UN Secretary-General Antonio Guterres yesterday (Monday) encouraged staff to report sexual harassment in the workplace particularly promoting a new hotline going into operation and to support victims and witnesses, chief UN spokesman Stephane Dujarric said.
The "Speak up" 24-hour helpline going into operation Tuesday "will be a resource for UN Secretariat personnel to speak confidentially with an impartial and trained individual who can provide information on protection, support, and reporting mechanisms," the spokesman said.
The goal is to attend to the needs of personnel, and to empower them to make informed decisions on the action if they so choose," Dujarric said.
In his message, the secretary-general reiterated his commitment to zero tolerance of sexual harassment and underlined that "harassment of any type is antithetical to the principles for which we stand as an organization."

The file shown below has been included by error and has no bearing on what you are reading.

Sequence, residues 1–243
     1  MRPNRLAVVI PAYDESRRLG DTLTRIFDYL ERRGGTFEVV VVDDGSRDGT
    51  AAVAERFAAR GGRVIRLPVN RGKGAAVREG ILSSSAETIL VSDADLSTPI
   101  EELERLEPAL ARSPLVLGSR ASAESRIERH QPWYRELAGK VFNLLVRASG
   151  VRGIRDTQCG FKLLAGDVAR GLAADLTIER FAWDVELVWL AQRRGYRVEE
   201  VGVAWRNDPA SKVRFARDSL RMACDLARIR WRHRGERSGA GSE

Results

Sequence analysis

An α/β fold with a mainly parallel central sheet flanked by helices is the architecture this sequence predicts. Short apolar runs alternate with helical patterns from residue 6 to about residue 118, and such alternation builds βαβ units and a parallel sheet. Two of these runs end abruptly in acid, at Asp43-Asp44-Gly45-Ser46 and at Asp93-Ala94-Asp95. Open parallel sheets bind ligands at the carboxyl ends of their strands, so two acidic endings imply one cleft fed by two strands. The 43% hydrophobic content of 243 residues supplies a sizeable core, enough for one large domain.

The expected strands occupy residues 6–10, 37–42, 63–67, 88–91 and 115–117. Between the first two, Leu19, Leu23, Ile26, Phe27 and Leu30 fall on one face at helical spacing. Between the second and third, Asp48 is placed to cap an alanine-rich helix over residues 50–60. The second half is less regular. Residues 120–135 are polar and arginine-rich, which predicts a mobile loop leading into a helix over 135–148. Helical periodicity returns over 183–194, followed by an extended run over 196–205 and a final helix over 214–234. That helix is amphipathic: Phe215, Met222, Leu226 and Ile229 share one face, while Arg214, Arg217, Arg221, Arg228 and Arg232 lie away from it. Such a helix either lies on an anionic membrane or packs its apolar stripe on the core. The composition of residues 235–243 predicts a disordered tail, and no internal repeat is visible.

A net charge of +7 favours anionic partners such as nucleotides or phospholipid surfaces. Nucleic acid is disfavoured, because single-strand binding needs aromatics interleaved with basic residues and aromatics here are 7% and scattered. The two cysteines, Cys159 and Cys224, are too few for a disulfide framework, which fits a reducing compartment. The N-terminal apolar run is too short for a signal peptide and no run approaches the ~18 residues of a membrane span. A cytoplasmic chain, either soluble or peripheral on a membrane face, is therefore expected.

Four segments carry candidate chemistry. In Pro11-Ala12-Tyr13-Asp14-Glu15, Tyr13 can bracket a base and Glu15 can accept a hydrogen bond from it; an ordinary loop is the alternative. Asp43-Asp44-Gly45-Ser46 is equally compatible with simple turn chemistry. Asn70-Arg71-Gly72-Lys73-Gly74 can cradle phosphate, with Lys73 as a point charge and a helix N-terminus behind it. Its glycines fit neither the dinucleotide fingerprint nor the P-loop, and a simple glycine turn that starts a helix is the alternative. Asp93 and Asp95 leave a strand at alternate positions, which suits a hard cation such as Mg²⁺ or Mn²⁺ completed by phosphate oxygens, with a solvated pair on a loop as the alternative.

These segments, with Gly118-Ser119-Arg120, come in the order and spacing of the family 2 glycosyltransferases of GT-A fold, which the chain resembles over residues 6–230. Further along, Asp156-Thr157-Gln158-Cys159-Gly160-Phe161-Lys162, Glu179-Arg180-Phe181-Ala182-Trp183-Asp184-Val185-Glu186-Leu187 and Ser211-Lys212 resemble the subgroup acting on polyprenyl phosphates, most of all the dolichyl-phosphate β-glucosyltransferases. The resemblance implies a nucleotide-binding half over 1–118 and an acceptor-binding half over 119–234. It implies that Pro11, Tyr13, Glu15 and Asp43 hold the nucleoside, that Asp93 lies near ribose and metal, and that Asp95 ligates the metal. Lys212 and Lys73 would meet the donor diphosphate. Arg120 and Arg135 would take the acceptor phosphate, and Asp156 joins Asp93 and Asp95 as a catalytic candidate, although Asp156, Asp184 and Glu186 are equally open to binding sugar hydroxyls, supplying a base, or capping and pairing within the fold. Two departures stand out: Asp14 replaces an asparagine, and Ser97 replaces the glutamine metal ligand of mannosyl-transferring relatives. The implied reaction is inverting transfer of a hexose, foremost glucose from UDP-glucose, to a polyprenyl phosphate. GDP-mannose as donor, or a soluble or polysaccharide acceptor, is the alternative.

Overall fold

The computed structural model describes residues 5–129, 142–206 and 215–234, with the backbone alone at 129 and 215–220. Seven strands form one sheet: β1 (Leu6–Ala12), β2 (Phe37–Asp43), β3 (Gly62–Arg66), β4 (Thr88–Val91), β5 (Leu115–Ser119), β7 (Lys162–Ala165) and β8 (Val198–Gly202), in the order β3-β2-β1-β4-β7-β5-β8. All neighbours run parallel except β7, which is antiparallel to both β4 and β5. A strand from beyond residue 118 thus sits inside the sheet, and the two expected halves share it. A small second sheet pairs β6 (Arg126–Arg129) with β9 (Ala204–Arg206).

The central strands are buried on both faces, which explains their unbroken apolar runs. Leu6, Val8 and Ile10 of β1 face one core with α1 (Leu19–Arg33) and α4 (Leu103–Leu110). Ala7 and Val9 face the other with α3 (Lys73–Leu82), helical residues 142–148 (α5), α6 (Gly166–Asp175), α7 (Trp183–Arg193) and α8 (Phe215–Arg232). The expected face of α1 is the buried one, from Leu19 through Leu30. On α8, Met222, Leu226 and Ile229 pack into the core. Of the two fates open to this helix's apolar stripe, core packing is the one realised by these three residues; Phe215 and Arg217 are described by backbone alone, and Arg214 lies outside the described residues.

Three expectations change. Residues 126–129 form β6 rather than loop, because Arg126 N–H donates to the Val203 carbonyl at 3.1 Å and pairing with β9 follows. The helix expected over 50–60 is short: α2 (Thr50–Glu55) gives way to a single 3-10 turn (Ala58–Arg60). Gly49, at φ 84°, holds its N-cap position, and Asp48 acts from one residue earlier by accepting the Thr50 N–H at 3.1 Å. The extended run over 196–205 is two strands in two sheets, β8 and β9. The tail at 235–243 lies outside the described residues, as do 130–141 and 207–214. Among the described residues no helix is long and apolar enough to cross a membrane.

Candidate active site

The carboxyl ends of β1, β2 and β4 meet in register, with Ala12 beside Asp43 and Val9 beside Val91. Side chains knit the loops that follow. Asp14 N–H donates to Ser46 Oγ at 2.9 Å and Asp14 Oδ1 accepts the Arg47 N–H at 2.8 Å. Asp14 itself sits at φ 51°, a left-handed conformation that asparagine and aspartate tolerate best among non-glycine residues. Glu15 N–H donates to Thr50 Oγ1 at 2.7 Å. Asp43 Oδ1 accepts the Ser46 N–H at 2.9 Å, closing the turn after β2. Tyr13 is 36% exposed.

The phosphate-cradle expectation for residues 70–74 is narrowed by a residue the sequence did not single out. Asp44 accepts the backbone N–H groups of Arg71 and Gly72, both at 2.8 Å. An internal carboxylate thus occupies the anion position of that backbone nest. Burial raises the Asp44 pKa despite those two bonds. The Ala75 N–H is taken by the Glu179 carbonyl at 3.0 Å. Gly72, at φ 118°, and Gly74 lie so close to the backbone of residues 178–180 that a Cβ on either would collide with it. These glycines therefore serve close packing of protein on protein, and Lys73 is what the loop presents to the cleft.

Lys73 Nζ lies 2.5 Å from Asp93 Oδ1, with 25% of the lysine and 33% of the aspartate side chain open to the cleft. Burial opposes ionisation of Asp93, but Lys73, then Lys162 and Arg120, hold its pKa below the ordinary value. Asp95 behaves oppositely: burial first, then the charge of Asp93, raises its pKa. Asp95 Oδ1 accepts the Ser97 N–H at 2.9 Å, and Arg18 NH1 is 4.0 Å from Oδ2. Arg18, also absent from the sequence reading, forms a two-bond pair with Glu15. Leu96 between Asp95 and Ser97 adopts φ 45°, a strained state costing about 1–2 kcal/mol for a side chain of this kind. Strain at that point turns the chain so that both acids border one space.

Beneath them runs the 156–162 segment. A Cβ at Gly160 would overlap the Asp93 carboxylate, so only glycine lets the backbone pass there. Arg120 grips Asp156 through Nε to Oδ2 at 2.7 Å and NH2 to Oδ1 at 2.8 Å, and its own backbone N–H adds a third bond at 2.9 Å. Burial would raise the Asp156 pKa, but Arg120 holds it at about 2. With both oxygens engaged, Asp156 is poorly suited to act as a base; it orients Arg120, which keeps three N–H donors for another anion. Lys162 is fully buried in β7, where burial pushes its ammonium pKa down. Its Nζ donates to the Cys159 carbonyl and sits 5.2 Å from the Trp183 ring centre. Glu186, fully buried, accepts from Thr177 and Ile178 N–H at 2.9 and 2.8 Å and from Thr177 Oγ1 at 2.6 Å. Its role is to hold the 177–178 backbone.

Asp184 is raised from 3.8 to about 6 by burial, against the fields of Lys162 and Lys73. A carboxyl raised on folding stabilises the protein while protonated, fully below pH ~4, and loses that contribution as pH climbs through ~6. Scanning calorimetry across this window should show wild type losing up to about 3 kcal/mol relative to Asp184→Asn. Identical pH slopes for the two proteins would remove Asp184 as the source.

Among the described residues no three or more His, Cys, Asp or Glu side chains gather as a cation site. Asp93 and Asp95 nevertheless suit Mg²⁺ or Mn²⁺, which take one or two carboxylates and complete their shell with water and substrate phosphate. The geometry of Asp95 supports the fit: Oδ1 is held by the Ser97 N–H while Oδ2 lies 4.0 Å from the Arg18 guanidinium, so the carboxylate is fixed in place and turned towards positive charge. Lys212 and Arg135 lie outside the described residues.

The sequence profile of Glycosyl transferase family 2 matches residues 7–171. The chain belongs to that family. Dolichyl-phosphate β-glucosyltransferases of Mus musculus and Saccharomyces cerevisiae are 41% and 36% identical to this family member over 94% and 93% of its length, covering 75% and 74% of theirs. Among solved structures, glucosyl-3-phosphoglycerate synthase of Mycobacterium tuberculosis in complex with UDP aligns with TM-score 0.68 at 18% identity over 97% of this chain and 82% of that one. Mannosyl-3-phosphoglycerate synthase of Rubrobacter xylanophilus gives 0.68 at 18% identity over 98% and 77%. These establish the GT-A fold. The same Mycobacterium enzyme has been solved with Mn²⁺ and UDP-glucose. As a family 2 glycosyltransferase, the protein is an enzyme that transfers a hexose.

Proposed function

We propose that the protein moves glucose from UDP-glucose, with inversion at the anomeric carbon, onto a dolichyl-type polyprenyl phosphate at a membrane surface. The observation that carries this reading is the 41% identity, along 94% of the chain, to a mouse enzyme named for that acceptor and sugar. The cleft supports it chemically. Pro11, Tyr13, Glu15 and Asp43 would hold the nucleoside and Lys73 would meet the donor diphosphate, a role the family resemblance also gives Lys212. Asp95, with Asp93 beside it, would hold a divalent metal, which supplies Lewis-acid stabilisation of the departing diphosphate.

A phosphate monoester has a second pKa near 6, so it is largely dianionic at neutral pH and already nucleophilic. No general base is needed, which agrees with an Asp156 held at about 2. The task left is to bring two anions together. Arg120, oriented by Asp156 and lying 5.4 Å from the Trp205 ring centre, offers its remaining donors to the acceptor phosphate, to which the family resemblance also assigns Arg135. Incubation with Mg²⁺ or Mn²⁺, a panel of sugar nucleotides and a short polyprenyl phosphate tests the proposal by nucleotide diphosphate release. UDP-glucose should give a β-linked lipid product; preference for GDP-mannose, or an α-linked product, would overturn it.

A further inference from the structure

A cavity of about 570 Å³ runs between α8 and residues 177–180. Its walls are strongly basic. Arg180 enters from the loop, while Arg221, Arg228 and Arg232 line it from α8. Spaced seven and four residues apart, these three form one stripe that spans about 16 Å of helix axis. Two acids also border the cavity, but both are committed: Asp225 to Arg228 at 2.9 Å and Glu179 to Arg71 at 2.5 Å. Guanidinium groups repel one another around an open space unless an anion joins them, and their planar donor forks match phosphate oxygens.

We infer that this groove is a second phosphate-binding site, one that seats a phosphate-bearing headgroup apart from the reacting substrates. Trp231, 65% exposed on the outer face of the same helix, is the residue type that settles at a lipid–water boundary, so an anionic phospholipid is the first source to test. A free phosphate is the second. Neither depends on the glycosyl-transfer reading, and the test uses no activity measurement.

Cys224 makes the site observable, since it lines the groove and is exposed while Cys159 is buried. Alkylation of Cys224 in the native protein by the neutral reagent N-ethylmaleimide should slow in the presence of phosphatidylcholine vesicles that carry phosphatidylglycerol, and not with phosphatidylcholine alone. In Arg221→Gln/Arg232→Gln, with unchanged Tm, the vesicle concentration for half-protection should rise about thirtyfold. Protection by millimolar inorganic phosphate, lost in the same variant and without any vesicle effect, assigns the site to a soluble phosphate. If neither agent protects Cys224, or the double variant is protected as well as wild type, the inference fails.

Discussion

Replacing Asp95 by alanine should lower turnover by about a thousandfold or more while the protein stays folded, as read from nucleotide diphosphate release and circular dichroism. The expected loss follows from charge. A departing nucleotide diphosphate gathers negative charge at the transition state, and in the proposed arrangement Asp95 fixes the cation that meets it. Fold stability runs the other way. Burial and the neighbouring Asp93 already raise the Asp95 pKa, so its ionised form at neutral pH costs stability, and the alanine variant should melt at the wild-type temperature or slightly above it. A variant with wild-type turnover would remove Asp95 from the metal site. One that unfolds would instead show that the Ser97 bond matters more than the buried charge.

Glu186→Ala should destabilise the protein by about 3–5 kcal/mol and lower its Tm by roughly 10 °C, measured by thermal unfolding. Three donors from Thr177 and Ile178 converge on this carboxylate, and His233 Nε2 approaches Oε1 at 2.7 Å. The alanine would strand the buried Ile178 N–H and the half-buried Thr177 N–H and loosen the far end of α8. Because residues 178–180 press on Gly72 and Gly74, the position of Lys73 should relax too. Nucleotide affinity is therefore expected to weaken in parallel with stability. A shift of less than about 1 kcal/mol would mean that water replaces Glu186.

"As members of a standard-setting institution," Guterres said, "we must all be committed to fostering an inclusive environment in which every person is valued and respected.
A harmonious, safe and civil workplace is key to delivering on our mandates for the people we serve."
To improve and centralize the secretariat's response capacity, internal investigators will immediately take responsibility for probing all complaints of sexual harassment and for implementing a streamlined, fast-tracked procedure to receive, process and address complaints, the spokesman said.
"A specialized team focusing on the investigation of sexual harassment is being created, and additional investigators are under recruitment," Dujarric said.
"Particular attention will be given to increasing the number of female investigators."
Members of the UN Secretariat, as well as some peacekeepers, have been accused of sexual exploitation and abuse even before the #MeToo campaign in the general population came to prominence and a zero-tolerance policy was implemented in the world organization to encourage the calling out of offenders.
However, there also had been some accusations of a lack of investigation or prosecution of some cases, which the organization hopes to overcome with the "Speak up" program.